It’s no secret that D-league teams are a major part of the NHL’s salary cap and have had success in the past decade or so.

So when the league announced its latest expansion draft, it left no doubt about the future.

But when we asked the league if it was planning to bring back the D-1 and D-2 leagues, we got the following response: “There is no plan at this time for D-levels or D-level prospects to play in D-franchises in the future.”

It’s unclear how the D and D teams would compete in the league without the league’s D-players. 

What happens if the D does return?

The NBA is considering the idea of the D1, D2, D3, D4 and D5 leagues.

The NBA also has plans to add the D6 and D7 leagues. 

Will the D2 and D3 leagues be allowed to return?

No.

The D1 and 2 leagues would be allowed in 2018-19, but the D3 league would not.

The league is expected to announce more details on the D4 league and how it would play out in the next couple of months. 

Why would D-prospects be better at the D5 and D6 leagues than at the NBA D1? 

While the NBA doesn’t have a D-to-D-proposal, the D is the league with the most money, prestige and international exposure.

It also has a much larger international fanbase, so it makes sense for the D to have more talent. 

Does the D have the best D-development process? 

Yes, the NBA is the only D-team in the NHL that does not have a development program.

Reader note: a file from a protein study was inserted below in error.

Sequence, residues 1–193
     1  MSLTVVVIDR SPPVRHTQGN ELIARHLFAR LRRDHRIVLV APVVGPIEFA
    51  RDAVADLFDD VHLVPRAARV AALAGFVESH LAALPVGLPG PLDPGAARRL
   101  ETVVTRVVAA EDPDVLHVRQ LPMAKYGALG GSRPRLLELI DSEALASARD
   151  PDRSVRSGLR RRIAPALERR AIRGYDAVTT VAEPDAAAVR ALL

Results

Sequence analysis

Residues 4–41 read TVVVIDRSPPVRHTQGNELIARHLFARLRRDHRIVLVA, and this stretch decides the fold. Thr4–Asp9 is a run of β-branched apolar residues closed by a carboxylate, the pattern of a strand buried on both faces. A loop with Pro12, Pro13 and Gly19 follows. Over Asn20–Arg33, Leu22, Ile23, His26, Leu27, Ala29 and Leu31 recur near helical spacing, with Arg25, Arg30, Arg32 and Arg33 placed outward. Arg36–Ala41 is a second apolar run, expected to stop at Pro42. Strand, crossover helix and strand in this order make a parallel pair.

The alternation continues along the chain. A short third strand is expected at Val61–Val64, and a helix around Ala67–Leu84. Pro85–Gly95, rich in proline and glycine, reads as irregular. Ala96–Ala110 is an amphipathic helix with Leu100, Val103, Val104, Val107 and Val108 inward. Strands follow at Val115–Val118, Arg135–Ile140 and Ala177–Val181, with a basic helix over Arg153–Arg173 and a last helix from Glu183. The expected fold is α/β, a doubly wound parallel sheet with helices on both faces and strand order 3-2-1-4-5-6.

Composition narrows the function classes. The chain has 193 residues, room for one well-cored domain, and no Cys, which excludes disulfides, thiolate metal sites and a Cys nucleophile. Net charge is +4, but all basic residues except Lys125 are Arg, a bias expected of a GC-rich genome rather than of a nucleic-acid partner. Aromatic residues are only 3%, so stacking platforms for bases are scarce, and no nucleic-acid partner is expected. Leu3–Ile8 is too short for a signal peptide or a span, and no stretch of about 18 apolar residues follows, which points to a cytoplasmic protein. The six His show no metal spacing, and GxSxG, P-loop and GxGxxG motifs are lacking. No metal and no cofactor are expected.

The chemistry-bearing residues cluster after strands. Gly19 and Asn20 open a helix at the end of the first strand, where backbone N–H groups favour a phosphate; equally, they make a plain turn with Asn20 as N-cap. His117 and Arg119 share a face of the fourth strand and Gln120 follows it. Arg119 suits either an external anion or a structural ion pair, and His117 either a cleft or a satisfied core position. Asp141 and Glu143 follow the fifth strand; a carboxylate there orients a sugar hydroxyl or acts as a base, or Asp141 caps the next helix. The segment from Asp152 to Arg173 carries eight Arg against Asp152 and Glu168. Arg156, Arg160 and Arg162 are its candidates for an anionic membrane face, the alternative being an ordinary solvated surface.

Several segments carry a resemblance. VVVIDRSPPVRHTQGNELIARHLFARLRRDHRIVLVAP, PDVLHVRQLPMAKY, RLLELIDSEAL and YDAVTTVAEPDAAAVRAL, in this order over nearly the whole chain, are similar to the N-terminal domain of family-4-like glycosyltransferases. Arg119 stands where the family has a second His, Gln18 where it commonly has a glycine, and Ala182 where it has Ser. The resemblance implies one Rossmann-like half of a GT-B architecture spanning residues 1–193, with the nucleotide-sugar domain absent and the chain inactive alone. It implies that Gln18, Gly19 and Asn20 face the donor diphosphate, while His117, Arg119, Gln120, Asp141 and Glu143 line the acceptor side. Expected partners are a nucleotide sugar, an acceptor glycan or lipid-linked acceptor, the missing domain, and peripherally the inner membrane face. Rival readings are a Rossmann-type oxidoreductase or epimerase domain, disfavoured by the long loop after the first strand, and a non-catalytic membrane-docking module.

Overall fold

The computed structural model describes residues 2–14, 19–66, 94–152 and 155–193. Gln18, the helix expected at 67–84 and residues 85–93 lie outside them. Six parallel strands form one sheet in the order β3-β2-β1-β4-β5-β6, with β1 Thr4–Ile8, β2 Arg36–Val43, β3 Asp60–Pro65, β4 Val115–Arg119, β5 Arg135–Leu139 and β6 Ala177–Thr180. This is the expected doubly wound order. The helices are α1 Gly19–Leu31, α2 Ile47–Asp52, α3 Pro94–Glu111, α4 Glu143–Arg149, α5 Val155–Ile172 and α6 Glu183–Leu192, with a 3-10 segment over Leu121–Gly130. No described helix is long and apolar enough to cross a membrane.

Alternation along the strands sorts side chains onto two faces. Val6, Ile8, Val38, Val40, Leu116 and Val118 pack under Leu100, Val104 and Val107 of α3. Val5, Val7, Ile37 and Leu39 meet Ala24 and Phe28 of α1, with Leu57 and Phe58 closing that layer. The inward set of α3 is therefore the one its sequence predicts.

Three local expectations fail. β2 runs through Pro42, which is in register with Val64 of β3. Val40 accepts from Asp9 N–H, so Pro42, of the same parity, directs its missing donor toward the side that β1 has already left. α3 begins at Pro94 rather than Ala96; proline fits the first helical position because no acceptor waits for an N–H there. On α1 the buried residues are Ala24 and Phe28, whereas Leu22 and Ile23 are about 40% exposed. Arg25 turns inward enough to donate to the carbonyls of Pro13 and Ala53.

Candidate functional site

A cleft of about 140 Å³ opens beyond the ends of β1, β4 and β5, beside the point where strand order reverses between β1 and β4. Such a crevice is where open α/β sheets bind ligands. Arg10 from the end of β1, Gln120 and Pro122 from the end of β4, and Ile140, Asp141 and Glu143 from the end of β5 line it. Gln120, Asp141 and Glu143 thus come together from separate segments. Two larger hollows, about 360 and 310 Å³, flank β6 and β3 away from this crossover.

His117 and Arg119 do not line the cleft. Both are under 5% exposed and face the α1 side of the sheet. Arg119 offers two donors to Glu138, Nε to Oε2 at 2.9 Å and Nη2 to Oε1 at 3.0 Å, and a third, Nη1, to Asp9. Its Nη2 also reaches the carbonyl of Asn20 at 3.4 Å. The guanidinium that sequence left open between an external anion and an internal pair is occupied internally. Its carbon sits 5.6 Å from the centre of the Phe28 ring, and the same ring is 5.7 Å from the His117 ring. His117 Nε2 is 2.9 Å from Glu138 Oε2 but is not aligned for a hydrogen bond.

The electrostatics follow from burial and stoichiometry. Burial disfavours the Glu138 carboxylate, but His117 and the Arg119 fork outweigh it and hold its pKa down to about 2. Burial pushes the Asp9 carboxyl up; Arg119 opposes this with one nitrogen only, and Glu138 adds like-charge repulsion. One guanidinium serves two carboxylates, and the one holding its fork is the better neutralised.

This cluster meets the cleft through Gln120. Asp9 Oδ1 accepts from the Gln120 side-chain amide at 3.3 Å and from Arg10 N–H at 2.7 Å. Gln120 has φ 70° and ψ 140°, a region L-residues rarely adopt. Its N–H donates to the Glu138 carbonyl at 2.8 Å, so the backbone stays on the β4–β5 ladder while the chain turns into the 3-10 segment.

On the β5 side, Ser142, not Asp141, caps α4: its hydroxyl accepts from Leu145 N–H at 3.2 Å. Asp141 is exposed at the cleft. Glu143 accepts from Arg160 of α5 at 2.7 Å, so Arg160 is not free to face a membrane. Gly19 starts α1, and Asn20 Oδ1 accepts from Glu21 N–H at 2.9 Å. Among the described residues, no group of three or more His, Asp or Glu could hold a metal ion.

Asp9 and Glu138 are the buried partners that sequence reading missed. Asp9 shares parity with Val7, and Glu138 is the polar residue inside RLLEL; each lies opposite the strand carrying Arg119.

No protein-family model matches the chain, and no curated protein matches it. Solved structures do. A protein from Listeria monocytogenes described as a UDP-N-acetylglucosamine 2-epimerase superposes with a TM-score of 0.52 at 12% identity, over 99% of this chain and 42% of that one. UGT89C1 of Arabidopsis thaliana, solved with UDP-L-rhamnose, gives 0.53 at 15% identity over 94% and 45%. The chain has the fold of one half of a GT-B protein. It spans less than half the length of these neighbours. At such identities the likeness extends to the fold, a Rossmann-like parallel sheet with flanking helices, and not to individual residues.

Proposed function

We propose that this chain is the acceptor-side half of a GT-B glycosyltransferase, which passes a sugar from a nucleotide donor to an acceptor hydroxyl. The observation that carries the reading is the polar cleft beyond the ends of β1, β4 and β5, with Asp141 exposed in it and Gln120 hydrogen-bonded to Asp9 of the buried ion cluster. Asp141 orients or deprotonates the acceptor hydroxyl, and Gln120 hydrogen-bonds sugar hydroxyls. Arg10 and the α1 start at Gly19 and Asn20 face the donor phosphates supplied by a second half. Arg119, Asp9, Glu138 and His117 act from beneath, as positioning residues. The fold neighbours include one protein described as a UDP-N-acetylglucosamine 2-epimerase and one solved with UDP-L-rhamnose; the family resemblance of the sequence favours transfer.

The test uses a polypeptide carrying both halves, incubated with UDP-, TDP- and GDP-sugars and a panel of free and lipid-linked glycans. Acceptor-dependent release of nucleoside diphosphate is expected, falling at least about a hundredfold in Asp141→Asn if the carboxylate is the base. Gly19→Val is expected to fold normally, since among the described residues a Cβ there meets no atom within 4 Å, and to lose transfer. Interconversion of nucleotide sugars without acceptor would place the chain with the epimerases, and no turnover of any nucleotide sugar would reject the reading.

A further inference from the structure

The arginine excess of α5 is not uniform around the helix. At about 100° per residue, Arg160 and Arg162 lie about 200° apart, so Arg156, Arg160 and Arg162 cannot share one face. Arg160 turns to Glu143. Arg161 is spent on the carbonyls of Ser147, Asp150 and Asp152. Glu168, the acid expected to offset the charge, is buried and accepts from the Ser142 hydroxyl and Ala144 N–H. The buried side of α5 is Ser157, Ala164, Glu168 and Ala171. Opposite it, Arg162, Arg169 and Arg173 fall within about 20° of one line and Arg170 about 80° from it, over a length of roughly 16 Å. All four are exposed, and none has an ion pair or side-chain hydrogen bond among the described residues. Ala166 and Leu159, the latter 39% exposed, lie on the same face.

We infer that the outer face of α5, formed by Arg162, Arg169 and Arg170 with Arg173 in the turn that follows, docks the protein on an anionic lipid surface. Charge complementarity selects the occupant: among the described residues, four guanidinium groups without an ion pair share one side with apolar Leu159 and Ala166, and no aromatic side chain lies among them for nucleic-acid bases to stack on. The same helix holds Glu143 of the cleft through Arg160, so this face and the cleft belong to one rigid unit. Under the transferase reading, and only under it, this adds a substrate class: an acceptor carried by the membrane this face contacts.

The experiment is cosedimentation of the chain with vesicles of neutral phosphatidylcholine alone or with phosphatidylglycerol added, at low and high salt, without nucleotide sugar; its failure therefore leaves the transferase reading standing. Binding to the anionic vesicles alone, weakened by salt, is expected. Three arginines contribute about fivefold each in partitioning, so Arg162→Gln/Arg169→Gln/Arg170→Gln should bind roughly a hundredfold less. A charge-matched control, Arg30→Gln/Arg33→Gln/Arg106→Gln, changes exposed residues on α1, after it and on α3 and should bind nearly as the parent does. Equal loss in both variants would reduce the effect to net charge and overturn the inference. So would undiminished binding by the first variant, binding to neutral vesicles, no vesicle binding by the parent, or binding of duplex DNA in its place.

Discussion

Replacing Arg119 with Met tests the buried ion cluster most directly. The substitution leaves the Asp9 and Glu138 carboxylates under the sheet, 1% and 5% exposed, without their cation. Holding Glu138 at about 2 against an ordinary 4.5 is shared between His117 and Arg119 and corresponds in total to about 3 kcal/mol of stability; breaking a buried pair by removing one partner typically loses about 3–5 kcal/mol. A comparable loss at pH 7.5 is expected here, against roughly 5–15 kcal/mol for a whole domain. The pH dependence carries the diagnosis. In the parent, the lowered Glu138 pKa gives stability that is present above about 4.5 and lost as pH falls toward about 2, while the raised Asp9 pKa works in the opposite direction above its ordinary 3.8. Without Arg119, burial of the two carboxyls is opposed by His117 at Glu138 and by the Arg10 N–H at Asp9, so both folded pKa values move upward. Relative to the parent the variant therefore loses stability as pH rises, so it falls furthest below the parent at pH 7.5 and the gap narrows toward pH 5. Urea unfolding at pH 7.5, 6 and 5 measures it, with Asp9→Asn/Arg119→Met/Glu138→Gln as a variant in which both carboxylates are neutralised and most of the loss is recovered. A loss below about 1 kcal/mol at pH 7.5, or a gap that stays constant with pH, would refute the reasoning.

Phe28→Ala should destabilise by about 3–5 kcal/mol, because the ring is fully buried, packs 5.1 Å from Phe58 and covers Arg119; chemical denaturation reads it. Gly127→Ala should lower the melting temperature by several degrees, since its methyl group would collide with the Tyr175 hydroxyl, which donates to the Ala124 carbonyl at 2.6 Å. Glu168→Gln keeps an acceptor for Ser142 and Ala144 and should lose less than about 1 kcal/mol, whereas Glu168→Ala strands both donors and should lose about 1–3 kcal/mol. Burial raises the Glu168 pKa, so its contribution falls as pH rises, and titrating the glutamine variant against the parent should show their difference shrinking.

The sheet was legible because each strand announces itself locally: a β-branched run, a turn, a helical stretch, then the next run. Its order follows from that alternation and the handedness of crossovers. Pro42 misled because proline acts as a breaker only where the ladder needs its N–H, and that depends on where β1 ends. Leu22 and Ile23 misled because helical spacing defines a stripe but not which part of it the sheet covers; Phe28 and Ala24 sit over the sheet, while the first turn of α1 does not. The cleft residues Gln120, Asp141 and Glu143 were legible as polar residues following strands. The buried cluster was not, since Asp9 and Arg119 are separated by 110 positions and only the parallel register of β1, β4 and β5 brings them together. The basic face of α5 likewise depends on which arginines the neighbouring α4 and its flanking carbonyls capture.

It uses a mix of video clips and scouting reports from teams who sign D-stars, while it also works with players’ parents to develop their mental toughness and character. 

Can a D1 or D2 player earn a roster spot? 

There are several ways to get onto a D roster. 

First, players can be signed by a D team if they’ve already played at least two games for that team in the D system. 

Second, if a player is on an existing D roster and wants to play for a new D-squad, they can become an alternate. 

Third, players may be added to a D squad by a team’s management if they have two-plus years of experience with the D team. 

If you’re wondering how to get a spot on the roster, here’s a quick summary:  A player can be waived by a parent of the player If a player’s parent is a D player, that parent may also waive the player to a new team.

The parent can also waive a player if it’s a player who has been waived by the parent, and the player must be a minor to be a “qualifying player” for the parent’s waiver. 

The player can become a qualifying player if he’s been playing for at least three years in the same D-reunion team and has not yet earned a roster position in the NBA. 

A qualifying player can sign a contract with the parent of his choice and play for that parent. 

An additional rule is that if the player is under contract to another team and the parent is not a qualifying team player, the parent may sign the player for the same salary and bonus as a qualifying free agent, even if he isn’t a qualifying parent. 

 A player who is not eligible for a roster slot in the draft can be released to the parent that released him, and that parent can use that player on another team.